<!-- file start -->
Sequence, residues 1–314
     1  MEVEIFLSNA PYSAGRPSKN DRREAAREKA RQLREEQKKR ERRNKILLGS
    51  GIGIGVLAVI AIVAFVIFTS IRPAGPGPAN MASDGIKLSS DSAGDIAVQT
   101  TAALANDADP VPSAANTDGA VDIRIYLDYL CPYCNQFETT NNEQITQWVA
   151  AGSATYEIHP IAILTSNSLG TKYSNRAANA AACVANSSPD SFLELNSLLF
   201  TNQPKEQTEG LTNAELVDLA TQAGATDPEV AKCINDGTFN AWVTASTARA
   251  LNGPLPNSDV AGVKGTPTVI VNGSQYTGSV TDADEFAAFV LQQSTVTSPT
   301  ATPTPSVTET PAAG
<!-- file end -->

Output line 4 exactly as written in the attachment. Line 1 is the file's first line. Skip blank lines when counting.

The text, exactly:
   101  TAALANDADP VPSAANTDGA VDIRIYLDYL CPYCNQFETT NNEQITQWVA